I’ve been mulling this over for quite some time now, and I think it’s time to write it down.
When I found out I was going to be in Australia for a while, I got to thinking about some of the challenges facing the country.
Now, energy production in a cheap, sustainable and environmentally friendly way is a challenge that faces all countries. A challenge that is uniquely Australian (ok maybe not unique, but at least not all face it) is a fresh water shortage. Fresh water is used in agriculture here to such an extent as to deplete some natural waterways completely – there are many issues with fresh water supply, including a long lasting drought.
Combining these two issues, I got to thinking of thermal solar power. Australia is an extremely sunny and warm country – energy a’plenty. Why doesn’t Australia set up power plants that harness solar energy – to my knowledge these plants work by solar rays being focused on water tanks which then heat up. The hot water turns to steam that drives a turbine.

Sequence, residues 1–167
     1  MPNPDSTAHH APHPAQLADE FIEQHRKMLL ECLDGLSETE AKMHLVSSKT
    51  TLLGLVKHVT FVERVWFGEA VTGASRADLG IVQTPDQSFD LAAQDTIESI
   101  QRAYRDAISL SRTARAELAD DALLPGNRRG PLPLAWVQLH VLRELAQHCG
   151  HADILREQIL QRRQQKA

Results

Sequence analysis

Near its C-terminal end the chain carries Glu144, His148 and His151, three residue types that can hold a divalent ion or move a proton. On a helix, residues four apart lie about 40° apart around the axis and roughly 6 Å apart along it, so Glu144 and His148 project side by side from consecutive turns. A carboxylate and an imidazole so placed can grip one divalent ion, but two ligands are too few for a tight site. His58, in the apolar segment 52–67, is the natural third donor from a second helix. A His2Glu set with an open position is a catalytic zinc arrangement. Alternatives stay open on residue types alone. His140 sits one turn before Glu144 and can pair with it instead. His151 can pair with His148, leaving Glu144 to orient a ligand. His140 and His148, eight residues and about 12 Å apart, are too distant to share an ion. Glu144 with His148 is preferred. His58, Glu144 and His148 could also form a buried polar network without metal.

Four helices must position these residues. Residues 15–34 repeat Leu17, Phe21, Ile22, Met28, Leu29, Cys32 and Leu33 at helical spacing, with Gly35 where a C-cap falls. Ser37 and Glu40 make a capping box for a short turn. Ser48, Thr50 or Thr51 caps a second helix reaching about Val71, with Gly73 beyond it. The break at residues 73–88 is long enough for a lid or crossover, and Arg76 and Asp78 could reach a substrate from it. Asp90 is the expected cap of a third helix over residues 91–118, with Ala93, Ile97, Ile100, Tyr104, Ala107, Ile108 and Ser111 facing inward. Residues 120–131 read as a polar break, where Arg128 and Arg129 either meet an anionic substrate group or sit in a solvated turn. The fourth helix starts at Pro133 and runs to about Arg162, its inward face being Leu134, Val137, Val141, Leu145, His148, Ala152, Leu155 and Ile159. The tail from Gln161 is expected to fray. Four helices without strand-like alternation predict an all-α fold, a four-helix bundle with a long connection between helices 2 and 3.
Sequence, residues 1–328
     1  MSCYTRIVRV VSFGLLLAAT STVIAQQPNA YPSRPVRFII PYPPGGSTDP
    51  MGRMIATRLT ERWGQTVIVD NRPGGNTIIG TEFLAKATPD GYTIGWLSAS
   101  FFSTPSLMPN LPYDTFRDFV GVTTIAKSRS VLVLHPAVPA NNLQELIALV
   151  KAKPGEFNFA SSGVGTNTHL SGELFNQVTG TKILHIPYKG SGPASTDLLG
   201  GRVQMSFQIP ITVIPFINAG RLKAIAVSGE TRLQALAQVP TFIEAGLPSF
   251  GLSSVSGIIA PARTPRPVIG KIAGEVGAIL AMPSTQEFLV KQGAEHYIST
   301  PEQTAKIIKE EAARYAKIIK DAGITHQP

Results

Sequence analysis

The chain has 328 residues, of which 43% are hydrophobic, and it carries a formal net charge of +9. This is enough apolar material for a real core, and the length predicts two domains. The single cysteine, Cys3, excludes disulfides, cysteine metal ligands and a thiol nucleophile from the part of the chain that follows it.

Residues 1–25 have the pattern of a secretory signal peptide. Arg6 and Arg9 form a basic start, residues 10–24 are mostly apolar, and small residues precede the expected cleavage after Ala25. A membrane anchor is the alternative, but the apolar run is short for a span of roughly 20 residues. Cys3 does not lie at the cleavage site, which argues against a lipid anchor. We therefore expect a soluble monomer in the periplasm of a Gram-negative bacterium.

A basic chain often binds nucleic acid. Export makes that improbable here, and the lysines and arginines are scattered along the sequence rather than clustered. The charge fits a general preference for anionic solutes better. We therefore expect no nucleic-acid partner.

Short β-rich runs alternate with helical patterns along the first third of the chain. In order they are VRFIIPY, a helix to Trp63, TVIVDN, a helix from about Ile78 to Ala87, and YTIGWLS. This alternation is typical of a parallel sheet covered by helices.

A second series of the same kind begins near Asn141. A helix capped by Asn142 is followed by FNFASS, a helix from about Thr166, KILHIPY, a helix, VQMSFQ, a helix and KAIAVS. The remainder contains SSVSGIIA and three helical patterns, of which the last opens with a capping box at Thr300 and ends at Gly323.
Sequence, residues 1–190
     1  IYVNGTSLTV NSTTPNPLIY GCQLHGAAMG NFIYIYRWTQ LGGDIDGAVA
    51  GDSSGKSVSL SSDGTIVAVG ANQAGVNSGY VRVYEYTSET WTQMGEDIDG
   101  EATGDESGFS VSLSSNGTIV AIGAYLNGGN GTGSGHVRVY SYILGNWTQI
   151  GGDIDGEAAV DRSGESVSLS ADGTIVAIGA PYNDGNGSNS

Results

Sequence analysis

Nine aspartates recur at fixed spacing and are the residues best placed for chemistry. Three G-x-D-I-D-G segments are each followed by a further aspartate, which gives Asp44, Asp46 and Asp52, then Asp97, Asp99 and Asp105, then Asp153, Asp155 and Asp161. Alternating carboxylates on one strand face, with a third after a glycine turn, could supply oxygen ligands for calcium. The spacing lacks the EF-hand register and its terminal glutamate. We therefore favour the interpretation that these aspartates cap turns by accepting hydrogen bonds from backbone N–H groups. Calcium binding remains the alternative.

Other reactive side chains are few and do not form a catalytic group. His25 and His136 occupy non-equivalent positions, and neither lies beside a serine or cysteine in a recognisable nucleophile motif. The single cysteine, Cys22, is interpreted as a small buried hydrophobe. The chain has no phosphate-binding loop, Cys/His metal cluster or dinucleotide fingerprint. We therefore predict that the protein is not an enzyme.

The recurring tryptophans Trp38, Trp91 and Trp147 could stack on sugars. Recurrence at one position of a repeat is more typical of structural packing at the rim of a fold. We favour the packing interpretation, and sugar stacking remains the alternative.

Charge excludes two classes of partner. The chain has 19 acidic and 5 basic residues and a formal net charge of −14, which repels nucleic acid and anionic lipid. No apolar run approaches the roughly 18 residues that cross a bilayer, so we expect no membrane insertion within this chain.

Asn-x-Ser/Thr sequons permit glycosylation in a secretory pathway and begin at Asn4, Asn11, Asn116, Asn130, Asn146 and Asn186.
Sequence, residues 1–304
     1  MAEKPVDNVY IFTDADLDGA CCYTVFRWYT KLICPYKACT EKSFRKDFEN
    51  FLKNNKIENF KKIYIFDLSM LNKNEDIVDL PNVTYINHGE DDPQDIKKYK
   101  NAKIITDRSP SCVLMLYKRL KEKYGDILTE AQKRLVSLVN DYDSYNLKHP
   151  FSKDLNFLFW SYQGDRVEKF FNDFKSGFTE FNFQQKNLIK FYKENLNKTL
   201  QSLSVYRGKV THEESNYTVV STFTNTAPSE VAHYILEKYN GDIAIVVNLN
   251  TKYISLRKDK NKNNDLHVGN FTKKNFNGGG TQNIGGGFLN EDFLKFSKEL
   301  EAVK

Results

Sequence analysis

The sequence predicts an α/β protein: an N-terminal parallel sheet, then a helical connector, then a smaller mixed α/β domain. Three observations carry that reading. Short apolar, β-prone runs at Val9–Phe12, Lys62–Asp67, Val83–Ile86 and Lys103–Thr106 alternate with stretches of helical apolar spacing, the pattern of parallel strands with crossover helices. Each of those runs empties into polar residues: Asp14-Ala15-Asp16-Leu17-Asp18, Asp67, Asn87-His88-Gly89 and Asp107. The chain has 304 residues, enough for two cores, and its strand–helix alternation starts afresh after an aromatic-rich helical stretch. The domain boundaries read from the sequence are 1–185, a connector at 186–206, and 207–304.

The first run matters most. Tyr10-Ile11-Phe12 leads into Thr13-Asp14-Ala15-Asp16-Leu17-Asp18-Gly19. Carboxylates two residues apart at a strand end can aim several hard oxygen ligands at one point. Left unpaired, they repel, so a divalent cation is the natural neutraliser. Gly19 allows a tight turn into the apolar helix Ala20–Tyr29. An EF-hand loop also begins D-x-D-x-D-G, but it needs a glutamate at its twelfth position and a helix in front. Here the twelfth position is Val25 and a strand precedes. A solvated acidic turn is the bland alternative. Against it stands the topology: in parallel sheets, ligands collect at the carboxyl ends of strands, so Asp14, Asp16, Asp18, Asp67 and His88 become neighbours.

Here comes the interesting bit – why don’t you construct a plant that harnesses solar energy and converts it to electricity, and THEN condense the steam that drives the turbine and produce drinking water form it?? The byproduct would be mostly salt, which means you would get a trifecta of useful products here:
– Cheap electricity
– Fresh drinking water
– Industrial (or table possibly) salt
So, what’s stopping you? The solar tech exists. Fresh water production in this manner is a very old concept – and who doesn’t like salt?
Oh and no sense trying to patent the idea, since I’ve just made it public.